That afternoon we did make it around the wall on bikes. We also found HSBC next door to Maison Mode, an exclusive shopping mall in Xi'an (We also saw one in Beijing). Many of the top international names were there: Mont Blanc, Versace, Burberry's, Gucci, Paul Shark, Hush Puppies (yes, Hush Puppies is a very fashionable clothing line over here!) But there wasn't a customer in the entire complex. We tried to find a directory, and a washroom, but no one spoke English. I saw a nice shirt at Paul Shark’s, but it was 2350 RMB. ($335 US) For the life of me, I couldn’t figure out why this project had been built, and for whom it was intended.

Later that afternoon we went to Tang Paradise. I don't know where to start! We arrived at the entry gate but it was closed. However a young girl was selling tickets. "Where do we go in?" Sally gestured. But all the girl did was flash more tickets and repeat the price. We left and eventually found another entrance and some real tickets.

Tang Paradise is a 2 year old theme park. It was built at a cost of over $200 US million. It felt like a cross between an extravagant resort and a partially finished Disneyland.

It included a large theatre where a Vegas style extravaganza plays daily. However, we gave it a pass since the management had given us an orientation package that included an elaborate brochure and a DVD of the production. We also suspected that we wouldn't understand much since we were the only Caucasians in the park.

Dinner was served in a grand banquet hall, and included dishes that a Tang emperor would have been served. But we can't tell you what they were since although each item was identified, the English translation always said "welcome to Tang Paradise". I can tell you about the music, however. It was primarily Andrew Lloyd Weber and Whitney Houston.

What was impressive was the security. Before being allowed to enter the marketplace area, we had to stand before a counter and have our photos taken. Then, when we left, our tickets were swiped and our photos appeared on a monitor. Goodness knows why.

At 8:30, everyone in the park gathered at a large man-made lake for what was billed as the largest and most elaborate water cinema production in the world. And it probably is. It featured animated films projected on screens of water, combined with laser beams, fireworks, and other pyrotechnics. It was quite impressive. After the show, as we left the grounds, we marveled at the magnificent night lighting of the buildings and landscaping. But I couldn't help but think about all the coal fired plants generating the electricity required to keep the place alit.

While i would have liked to have stayed a bit longer in Xi'an and seen some of the sights outside the town, we left the next morning. We were surprised to discover the airport was an hour's drive away. The drive to the airport was like watching a futuristic movie; whole new industrial areas opening up; major new residential complexes with 16 large identical buildings when we might have two. But there were also hundreds of thousands of new trees, some looking quite strange since all the branches had been pruned. En route, I enjoyed some of the bilingual highway signs along the way: don’t drive tiredly; don’t drive drunken; high colisin, keep spacely.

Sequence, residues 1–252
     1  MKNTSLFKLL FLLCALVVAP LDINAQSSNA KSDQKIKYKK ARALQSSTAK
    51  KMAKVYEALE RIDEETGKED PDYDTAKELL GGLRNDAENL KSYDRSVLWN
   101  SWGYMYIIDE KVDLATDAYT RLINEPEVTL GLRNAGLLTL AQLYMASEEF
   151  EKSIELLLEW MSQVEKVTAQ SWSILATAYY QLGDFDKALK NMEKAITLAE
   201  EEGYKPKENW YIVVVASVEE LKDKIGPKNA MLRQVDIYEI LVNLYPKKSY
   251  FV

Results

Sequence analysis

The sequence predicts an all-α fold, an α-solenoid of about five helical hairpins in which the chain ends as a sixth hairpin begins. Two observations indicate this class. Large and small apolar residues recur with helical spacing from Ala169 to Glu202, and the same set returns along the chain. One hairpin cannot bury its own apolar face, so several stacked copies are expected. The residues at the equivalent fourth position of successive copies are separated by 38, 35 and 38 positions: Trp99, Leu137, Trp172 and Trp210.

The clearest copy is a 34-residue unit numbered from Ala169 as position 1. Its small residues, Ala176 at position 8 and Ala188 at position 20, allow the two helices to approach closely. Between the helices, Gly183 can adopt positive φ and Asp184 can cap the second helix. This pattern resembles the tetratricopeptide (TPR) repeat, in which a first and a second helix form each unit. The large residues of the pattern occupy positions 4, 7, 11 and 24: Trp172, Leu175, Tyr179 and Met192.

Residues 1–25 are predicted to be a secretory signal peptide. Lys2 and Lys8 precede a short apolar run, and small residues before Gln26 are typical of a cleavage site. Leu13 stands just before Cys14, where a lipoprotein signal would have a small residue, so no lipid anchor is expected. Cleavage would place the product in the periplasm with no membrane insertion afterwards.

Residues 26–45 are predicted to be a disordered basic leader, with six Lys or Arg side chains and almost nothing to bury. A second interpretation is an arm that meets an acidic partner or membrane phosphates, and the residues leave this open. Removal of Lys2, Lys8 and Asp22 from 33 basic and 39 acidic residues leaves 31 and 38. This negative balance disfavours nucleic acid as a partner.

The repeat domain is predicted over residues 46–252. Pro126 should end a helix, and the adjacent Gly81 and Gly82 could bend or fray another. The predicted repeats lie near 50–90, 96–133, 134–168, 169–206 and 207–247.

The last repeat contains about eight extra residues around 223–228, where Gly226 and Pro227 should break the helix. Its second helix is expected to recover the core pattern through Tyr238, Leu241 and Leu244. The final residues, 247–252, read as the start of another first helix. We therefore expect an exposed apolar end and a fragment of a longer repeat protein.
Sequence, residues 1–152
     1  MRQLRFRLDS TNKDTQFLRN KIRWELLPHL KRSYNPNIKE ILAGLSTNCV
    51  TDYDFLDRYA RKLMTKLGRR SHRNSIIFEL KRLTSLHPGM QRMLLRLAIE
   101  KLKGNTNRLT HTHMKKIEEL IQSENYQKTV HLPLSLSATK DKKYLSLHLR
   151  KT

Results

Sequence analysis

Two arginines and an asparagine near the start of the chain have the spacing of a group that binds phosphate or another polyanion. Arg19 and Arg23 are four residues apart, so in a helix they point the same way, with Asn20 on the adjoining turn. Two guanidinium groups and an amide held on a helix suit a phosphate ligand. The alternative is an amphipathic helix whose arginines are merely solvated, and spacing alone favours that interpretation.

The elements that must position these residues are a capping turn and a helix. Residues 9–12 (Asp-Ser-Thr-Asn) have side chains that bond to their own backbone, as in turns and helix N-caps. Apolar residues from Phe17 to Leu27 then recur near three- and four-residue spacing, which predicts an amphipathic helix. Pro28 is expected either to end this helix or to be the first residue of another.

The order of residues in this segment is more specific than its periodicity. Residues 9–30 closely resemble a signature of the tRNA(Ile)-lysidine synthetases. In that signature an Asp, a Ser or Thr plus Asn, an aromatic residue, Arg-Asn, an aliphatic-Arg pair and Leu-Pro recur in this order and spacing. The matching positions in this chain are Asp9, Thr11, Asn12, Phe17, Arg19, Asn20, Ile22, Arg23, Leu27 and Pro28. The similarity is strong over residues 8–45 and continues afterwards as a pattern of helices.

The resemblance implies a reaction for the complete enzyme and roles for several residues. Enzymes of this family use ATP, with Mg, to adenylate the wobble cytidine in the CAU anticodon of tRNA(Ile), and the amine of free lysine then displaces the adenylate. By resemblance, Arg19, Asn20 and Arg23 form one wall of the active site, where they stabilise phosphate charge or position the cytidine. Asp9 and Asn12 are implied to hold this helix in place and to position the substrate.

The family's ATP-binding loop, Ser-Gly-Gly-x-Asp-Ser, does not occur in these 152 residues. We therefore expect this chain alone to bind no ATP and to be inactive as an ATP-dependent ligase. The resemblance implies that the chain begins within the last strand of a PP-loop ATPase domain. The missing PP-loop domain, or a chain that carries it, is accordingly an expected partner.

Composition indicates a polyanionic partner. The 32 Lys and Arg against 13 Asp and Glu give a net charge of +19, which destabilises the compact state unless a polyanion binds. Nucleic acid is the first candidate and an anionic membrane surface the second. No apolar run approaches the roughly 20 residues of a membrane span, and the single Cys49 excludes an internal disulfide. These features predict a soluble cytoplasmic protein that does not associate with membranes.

When we arrived at the large modern airport, there were surprisingly few people, and we got through the check-in quickly. As we walked to the gate we congratulated ourselves on having made it. We got to the right airport, on time, and it turned out that the tickets weren't counterfeit!

A final comment on the cost of things. The taxi to the airport took an hour, and the driver had to pay two tolls. Yet the fare was only 100 RMB. Inside the airport, Sally wanted a coffee, and the price...48RMB! It seemed insane.

When we arrived at the departure gates, I was surprised to see a large, busy counter selling… flight insurance. It seemed almost as popular as the lottery ticket vendors we saw lining the roads in Cambodia!

Fortunately we didn't need the insurance. The plane made it to Shenzhen where we immediately found a sign saying “express bus to Hong Kong”. We got the last two seats. At the border we had to get off for Customs, and then got the last two seats on a much larger bus to Hong Kong Island.

We're in Hong Kong for 3 nights, and look forward to being with people who can speak English. But we had an amazing and very worthwhile time in China. We both want to go back, especially to see Beijing after the Olympics. I also want to see if they have fixed up all the awkward English signs.